The Easain Ridge
The Grey Coirries

Meall Cian Dearg was covered in a beautiful hoar frost which encased every individual blade of grass. As we approached the ridge the frost was replaced by snow which crunched in a most satisfying manner underfoot.
The Ridge Leading to Stob a’Choire Mheadhoin
11:50 Stob a’Choire Mheadhoin Summit


As we passed the first Munro summit the visibility was excellent and we could see our route stretching out in front of us,
From Stob a’Choire Mheadhoin to Stob Coire Easain

A superb ridge, hidden away from the more popular ranges, and quite spectacular in its earlier winter coat.
Stob Coire Easain

The final ascent

Not expecting huge amounts of snow, we had brought crampons but not ice axes with us. As we approached the top of Stob Coire Easain there was enough snow for the narrow path to feel slippery and exposed so we decided to put them on. I have to confess to secretly enjoying walking in crampons, it always seems a touch bizarre to have great spikes on your feet and feel secure walking in adverse conditions 8), but my smugness did not last long as the first thing I did was to rip my trousers, a timely reminder to take care before a more serious trip occurred.
Before we reached the final Munro summit the cloud had closed in and the excellent visibility we had been enjoying was now a veil of mist :( . Despite this we enjoyed our respite on the cold summit.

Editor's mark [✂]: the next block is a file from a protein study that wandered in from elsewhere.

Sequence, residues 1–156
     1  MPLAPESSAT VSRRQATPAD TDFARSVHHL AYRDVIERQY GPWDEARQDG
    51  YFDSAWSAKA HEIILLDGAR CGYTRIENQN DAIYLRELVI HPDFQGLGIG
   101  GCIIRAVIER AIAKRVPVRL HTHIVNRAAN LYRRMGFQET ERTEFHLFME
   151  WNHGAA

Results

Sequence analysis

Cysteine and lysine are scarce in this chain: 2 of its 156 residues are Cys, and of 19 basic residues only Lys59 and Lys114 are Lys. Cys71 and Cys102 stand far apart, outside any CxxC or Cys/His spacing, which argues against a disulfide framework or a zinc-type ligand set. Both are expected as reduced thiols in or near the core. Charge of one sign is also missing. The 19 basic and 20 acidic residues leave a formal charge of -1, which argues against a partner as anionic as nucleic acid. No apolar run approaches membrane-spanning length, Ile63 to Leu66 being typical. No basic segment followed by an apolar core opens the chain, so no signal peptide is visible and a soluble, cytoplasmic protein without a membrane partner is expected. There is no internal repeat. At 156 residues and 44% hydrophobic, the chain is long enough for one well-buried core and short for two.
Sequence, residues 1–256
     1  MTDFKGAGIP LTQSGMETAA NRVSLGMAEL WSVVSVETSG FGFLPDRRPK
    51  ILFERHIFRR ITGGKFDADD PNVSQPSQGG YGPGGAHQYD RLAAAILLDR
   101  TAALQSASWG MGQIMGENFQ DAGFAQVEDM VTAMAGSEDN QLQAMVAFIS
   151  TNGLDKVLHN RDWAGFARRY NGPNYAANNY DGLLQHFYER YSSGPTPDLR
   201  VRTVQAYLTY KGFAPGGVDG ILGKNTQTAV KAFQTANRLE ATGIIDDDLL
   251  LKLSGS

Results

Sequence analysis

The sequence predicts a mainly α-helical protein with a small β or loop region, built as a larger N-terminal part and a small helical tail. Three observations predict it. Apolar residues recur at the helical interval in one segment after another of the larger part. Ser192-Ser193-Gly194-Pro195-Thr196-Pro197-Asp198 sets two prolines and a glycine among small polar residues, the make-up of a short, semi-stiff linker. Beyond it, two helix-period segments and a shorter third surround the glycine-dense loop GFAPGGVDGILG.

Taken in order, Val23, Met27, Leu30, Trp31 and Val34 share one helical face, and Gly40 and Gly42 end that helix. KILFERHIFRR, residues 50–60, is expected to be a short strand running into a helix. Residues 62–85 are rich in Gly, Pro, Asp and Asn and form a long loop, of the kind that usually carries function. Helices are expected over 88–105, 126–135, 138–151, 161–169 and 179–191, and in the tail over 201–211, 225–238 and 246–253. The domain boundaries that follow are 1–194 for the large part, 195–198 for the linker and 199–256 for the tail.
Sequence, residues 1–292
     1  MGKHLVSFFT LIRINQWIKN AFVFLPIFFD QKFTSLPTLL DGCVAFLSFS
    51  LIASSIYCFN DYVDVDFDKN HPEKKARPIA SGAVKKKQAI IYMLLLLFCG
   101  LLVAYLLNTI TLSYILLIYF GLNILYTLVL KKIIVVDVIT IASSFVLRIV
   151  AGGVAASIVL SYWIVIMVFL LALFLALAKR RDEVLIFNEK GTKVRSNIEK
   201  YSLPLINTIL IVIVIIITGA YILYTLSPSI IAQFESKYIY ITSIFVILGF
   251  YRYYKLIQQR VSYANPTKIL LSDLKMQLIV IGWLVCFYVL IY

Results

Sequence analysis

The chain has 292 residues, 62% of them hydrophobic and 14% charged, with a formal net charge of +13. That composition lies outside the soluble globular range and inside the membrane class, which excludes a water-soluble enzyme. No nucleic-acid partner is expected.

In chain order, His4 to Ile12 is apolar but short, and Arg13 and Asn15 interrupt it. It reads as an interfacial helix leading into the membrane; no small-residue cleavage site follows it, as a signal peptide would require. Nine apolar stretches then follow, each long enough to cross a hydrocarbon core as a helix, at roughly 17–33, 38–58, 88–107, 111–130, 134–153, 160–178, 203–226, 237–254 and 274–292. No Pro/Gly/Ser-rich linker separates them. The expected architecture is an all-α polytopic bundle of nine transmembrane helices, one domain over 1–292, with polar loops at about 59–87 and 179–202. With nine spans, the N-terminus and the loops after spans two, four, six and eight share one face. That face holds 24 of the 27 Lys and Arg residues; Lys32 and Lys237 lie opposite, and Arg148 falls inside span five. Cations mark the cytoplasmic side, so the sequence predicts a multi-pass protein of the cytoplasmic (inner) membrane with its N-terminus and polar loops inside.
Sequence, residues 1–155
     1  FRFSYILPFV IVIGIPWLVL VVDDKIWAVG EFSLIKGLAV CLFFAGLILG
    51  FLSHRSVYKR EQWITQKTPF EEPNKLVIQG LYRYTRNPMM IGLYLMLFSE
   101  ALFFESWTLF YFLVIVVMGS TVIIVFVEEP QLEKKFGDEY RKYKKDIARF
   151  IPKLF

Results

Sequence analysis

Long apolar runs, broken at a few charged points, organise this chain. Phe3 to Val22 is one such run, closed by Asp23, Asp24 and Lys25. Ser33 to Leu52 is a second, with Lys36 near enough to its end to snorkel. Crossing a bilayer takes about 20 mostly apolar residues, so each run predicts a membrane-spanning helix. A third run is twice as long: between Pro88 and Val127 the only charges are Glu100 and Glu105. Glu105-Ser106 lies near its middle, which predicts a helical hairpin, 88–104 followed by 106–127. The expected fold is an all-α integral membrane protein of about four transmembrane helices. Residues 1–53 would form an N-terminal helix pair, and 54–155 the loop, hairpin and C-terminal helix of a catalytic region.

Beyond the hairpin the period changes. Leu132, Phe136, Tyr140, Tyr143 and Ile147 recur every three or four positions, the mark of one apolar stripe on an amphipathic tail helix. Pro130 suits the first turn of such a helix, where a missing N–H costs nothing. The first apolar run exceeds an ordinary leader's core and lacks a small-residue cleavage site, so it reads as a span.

13:00 and a brew on Stob Coire Easain
Jeremy Jetboil has gone into hibernation and our winter brew kit was put into action boiling snow for our lunchtime soup.
The cloud was not going to clear so refreshed and revived we made easy work of the descent in our crampons.
Descending from Stob Coire Easain

Stob a’Choire Mheadhoin to reascend

It felt like hard work for tired legs having to make a reascent of Stob a’Choire Mheadhoin but by 14:30 we were past it’s summit and letting the snow bring out the inner child as we stamped our way down the other side :lol:.
The Descent from Stob a’Choire Mheadoin


Rather than descend the steep icy path on the nose we decided to traverse around the north west flank of Meall Cian Dearg. It was very rough terrain, heather, boulders, gullies, bog, but it was not overly steep and the bog was partially frozen.
A Traverse of Mheall Cian Dearg

The steep path would have probably been quicker, even with me wimping about on it, but at least this way was not scary. By the time we were round on the final bealach there was just enough light to locate the path leading to the hydro pillar, before we needed the headtorches to read the map and our remaining night vision was lost.
Looking for the Path in the fading light

Following the ATV tracks by torchlight was not difficult but in places there were several tracks veering off in different directions so we needed to keep an eye on our compass bearing. Once we reached the stream navigating became easier. Although we unable to see it in the gorge when the path became less distinct we were able to follow the sound of the running water.
We reached the sheep pens without incident and from there it was a good track back to the carpark, which we reached at 18:15.
I am so glad the snow waited for us and these hills gave us such a superb first taste of winter. As I am finishing this report there is still snow out there and a whole winter season ahead of us. :D

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Comments: 7